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Former student uses art to enhance urban area

Date: 2/11/2013

By Carley Dangona

AGAWAM — Students enrolled at Agawam High School (AHS) witnessed firsthand an AHS gradute's application of art to beget a difference in an urban environment.

On Jan. 29, the AHS Art Honors class visited the Studio 9 gallery of the Sovereign Bank building in downtown Springfield; a fieldtrip sponsored by a grant from the Agawam Cultural Council.

"This program is supported in part by a grant from the Agawam Cultural Council," Deb Florek, art teacher and advisor to the AHS art class, said. "This Visiting Guest Artist/Art Gallery was made possible through the generosity of the council."

Robert Kadis, chair of the Agawam Cultural Council, said, "We've always supported art at the high school [because it enriches and inspires the students]."

John Simpson, professor at Commonwealth Honors College at the University of Massachusetts (UMass) Amherst and AHS alumni, teaches the college's "Creative Minds and Local Invention: Past and Present" course and runs the gallery, located on the ninth floor of 1350 Main Street.

During a tour of Studio 9, Simpson told Reminder Publications that his students in the class are not art majors and have either little or no previous experience in the field.

Simpson provided a synopsis of the "Creative Minds" class. He said, "Students are encouraged to experiment with imagery, paint and ideas. They are introduced to creative methods to explore and transform any latent artistic skills that they may have into active channels for expression. Students gain an understanding of museums, the curating of space, Springfield's history and the need for artists and students to create a sense of vitality in a city to fuel its economic engine."

He continued, "Students will humanize the historical figures and illuminate their inventions by incorporating the stories and innovations into art works that will be exhibited to the Springfield community. In addition, students will be able to participate in the creation of exhibitions for the Springfield Museums and will gain an understanding of the many professional opportunities in museums, galleries, cultural institutions and non-profit organizations."

According to Simpson, the UMass Amherst students will also collaborate with the Springfield Symphony Orchestra to create paintings in accordance with this season's theme, "Passion, Love, Murder and Mayhem," that will be displayed in conjunction with the season finale of the symphony.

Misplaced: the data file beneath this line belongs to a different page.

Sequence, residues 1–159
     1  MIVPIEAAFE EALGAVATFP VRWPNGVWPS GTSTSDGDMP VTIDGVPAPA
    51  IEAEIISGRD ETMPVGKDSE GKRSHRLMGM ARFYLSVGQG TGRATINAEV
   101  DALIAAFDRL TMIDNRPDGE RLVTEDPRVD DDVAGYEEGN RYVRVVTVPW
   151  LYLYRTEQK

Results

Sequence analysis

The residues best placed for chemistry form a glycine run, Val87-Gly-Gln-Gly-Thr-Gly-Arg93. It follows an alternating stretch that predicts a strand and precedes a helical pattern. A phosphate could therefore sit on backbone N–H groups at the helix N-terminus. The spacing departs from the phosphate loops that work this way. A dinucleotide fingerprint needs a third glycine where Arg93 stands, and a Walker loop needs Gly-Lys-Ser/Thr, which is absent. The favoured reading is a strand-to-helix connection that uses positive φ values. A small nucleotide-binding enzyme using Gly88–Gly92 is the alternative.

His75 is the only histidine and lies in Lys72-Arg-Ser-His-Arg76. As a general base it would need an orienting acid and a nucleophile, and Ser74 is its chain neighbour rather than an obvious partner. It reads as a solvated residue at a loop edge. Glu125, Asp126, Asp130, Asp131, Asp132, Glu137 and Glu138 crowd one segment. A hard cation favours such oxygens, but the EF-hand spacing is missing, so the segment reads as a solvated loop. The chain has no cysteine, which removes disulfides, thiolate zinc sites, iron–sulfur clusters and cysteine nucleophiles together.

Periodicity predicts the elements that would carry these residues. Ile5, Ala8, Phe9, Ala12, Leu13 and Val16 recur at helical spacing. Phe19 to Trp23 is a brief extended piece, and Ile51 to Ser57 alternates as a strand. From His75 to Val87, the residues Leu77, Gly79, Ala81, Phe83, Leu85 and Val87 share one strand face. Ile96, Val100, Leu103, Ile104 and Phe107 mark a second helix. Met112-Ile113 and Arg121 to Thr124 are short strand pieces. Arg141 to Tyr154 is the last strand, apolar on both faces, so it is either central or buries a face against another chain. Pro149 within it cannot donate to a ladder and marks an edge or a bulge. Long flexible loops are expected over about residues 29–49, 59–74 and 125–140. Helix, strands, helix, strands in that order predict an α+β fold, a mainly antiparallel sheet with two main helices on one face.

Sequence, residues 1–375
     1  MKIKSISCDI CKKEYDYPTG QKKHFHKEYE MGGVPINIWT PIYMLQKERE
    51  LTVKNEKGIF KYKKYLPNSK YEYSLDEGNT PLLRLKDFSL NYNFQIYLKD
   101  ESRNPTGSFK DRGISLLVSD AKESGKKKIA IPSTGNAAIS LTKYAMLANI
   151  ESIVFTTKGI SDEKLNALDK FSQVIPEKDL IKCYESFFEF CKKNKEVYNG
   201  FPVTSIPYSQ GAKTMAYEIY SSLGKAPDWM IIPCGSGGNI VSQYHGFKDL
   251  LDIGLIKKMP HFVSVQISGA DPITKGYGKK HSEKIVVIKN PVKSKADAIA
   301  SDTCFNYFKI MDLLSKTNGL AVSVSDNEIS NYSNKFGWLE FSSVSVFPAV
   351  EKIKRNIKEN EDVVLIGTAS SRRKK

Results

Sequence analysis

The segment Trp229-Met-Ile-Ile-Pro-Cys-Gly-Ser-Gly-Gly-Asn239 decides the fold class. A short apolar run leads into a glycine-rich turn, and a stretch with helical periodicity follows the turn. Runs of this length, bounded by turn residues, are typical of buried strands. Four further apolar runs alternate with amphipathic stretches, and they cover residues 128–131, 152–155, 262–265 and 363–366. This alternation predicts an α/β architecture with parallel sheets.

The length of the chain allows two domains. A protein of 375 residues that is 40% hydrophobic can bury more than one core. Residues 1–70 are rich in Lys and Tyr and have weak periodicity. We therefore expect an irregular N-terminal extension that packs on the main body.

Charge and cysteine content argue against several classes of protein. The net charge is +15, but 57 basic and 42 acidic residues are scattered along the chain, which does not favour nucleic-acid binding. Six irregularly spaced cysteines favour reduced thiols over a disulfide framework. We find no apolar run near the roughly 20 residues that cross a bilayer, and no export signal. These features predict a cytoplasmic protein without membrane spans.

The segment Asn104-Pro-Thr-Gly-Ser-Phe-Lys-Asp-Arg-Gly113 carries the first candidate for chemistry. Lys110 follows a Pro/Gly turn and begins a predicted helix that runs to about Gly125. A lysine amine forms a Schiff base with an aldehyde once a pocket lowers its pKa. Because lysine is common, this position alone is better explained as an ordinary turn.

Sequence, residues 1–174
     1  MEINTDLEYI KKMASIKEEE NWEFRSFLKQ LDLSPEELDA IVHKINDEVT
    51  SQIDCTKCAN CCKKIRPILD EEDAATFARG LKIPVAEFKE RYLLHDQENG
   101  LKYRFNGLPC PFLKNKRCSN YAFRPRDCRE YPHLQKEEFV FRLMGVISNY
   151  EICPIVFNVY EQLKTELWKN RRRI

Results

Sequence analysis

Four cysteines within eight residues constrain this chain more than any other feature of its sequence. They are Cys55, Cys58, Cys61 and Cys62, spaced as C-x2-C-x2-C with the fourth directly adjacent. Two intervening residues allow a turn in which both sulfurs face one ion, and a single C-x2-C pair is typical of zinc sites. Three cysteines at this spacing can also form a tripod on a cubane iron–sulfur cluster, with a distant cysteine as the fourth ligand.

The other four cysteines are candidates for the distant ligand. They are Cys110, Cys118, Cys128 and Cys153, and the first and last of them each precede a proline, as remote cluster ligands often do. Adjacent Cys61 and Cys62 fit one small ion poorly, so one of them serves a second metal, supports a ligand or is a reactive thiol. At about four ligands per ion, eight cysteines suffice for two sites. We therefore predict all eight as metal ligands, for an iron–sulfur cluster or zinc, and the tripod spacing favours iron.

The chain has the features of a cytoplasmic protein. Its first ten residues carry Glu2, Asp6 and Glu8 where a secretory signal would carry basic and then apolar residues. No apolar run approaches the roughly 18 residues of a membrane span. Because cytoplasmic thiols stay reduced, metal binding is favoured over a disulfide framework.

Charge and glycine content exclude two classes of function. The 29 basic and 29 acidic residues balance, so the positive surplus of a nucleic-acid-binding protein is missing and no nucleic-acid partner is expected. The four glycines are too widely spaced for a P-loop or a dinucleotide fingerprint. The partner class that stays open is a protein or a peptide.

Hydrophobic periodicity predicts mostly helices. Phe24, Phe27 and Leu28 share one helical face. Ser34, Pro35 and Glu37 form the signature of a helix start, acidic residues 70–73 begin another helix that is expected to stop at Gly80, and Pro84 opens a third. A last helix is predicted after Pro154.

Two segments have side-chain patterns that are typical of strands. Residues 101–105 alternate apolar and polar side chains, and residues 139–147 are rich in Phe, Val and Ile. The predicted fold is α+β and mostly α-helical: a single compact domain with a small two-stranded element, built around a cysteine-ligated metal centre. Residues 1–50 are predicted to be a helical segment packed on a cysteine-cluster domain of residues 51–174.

Jill Harvey, "Creative Minds" student and anthropology major said, "I like the split format of the class. The first semester is focuses on drawing and studying history and the second semester is dedicated to recreating a masterpiece painting. I love coming here [to the studio], it's inspiring to see the other students' and John's work. I definitely recommend the class to others."

Florek stated, "John is an amazing artist who has a connection to AHS. A graduate in 1983, John has become a consummate painter and Renaissance man. He might be sculpting with clay, using oils for a portrait or drawing huge charcoal renderings or in the midst of planning to expand his huge gallery on the top floor of Sovereign Bank. Working with realtor, Evan Plotkin, John has brought culture and class to downtown Springfield."

Plotkin, president and owner of NAI Plotkin, a commercial real estate company, is known for his efforts to revive the cultural atmosphere of downtown Springfield.

"I am in pursuit of inherent drama — The idea is that something dormant can come alive. As a real estate agent, every day I put life into empty space. Why not utilize public space for the good of the community? I established Studio 9 out of love for what I do," Plotkin said.

He continued, "When I first bought the building, the public space outside the building was a wasteland." Plotkin described the plaza adjacent to the property as having a lack of seating and a fountain overgrown with plants. He explained that he installed benches and a coffee shop for "the good of the building," to create a welcoming and vibrant atmosphere. In warm weather, live music can be enjoyed in the plaza.

"I've created something different from the other Class A [office] buildings downtown," Plotkin said. He stated his long-term goal to help establish Springfield as a "cultural mecca." The next step in that process is to have more events such as art walks and festivals that "connect the dots to these cultural areas" around the city.

"The City Mosaic concept means that each piece is important for the city to become whole. We're building the mosaic as we go to ultimately create a visual masterpiece," Plotkin explained.

"Studio 9 is an integral piece in the mosaic. I want to make its artists economically viable. I want to create a way that they can sustain themselves," he said.

"The students that visit the studio see the work of the students, which is brilliant," Plotkin added. "They marvel at the beauty of the work and revel in the fact that the artists are not fine arts majors. The studio is a window that speaks to society's general lack of interest in the arts — [careers in the arts] are not economically viable, so the students are pursuing other interests to support themselves. This [the art] is what we could be cultivating — the studio is a window that shows what's possible."

For more information about the UMass Amherst Honors College, visit To learn more about the "Creative Minds" class, contact Simpson at